The cut ran fifty yards, a scar halfway up the hillside. The cut scoured by glaciers, or so the boy had been told. He climbed atop a boulder larger than a car, and he imagined the hill and all he knew entombed in ice.
John used to say that we were millionaires, but now we might lose the house. Tommy, our oldest, and his wife, Ashleigh, plan to buy us out.
I moved to Oil City to get away from Sylvia.
The child was dead before Irina Putavich plunged her hands into the scalding water and lifted him startled-faced to the air. The baby was limp. As his round nose and the fat cheeks with which he so powerfully suckled rose above the shining scrim of clear water, he did not open his small heart-shaped mouth to suck in air.
Sometimes I feel like someone’s going to shoot me, right between my shoulder blades, when I’m walking alone at night. It’s just me, the sidewalk, and the occasional dog shit most of the time, but other times I get the sense that someone is focusing right in that space on my spine.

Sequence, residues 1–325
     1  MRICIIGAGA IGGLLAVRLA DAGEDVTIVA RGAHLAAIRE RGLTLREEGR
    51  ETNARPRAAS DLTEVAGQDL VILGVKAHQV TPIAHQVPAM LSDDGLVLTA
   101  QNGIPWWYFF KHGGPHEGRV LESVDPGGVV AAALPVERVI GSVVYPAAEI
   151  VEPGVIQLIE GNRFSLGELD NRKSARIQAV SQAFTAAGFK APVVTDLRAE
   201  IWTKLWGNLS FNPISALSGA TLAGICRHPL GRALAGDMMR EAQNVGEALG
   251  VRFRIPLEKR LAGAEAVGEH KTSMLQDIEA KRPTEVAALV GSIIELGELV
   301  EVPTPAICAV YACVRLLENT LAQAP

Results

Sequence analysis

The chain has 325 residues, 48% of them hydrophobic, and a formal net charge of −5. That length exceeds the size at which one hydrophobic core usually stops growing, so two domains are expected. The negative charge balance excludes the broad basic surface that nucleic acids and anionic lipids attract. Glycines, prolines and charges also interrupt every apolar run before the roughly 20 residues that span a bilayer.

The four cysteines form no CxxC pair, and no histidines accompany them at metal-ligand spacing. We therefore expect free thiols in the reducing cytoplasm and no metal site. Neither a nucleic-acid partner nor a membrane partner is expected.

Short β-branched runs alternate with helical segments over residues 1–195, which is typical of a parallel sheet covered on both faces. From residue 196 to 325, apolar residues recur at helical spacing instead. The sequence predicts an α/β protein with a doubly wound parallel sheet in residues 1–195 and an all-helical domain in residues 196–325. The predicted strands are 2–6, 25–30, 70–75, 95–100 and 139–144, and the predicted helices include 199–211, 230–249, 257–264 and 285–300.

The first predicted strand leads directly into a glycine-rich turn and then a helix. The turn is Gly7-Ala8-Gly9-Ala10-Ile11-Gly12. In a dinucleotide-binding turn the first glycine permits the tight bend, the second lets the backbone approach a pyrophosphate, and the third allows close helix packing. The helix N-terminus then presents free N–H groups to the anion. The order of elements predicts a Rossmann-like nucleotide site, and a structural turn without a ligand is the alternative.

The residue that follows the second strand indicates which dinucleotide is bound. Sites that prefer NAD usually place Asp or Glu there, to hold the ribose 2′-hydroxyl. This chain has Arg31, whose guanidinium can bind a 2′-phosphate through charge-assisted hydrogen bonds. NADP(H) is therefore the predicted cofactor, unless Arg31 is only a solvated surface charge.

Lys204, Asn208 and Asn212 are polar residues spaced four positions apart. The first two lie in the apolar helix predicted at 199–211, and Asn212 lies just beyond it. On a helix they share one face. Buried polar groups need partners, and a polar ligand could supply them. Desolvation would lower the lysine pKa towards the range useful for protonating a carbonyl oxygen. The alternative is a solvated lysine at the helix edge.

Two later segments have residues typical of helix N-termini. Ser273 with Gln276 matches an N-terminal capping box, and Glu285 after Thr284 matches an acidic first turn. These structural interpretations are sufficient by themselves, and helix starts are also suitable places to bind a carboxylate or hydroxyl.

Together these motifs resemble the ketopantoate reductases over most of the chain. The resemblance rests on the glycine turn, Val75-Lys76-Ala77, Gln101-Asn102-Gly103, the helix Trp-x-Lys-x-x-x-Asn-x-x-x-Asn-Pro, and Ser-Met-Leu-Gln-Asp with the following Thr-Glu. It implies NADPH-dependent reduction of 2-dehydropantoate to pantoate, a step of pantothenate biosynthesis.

The boys drown in the pond on Myrtle Dag’s property. Windmills, the two of them, arms and rocks and driftwood and pinecones painting the water with rings and diagrams and dusk, and then the postures of dare, pulleys for shoulders, rope for arms, run farther and throw farther, hoot and shout and leap, catch the rock, the pinecone, farther, and still farther. Dive to save the boy who takes the dare.
When we first moved to Bellaire, my mom thought that my soon-to-be stepsister Brooke and I were eating “healthy” to get “bridesmaid ready.” Brooke crossed off the days until our parents’ wedding on a kitten calendar that hung in the kitchen. She did this because it endeared her to my mother.
Michael leans over to flick off the heat, catching a whiff of Rick’s half-eaten apple in the cup holder. He had thought the fling with Rick would maybe last a night or two. Fifteen months later, they are driving home to see Michael’s ex-wife, Leslie, who is throwing herself an end-of-life party.
We sit in a semi-circle booth at Max’s Ultimate Sports Bar, nibbling out of obligation on hot poppers and fried mozzarella, silently absorbing the familiar comforts of a chain restaurant.
I’m not even halfway out the door when one of my girls starts screaming at me over the sound of her hair dryer. I don’t care about her date with her boyfriend; she can close down the salon for one night this week.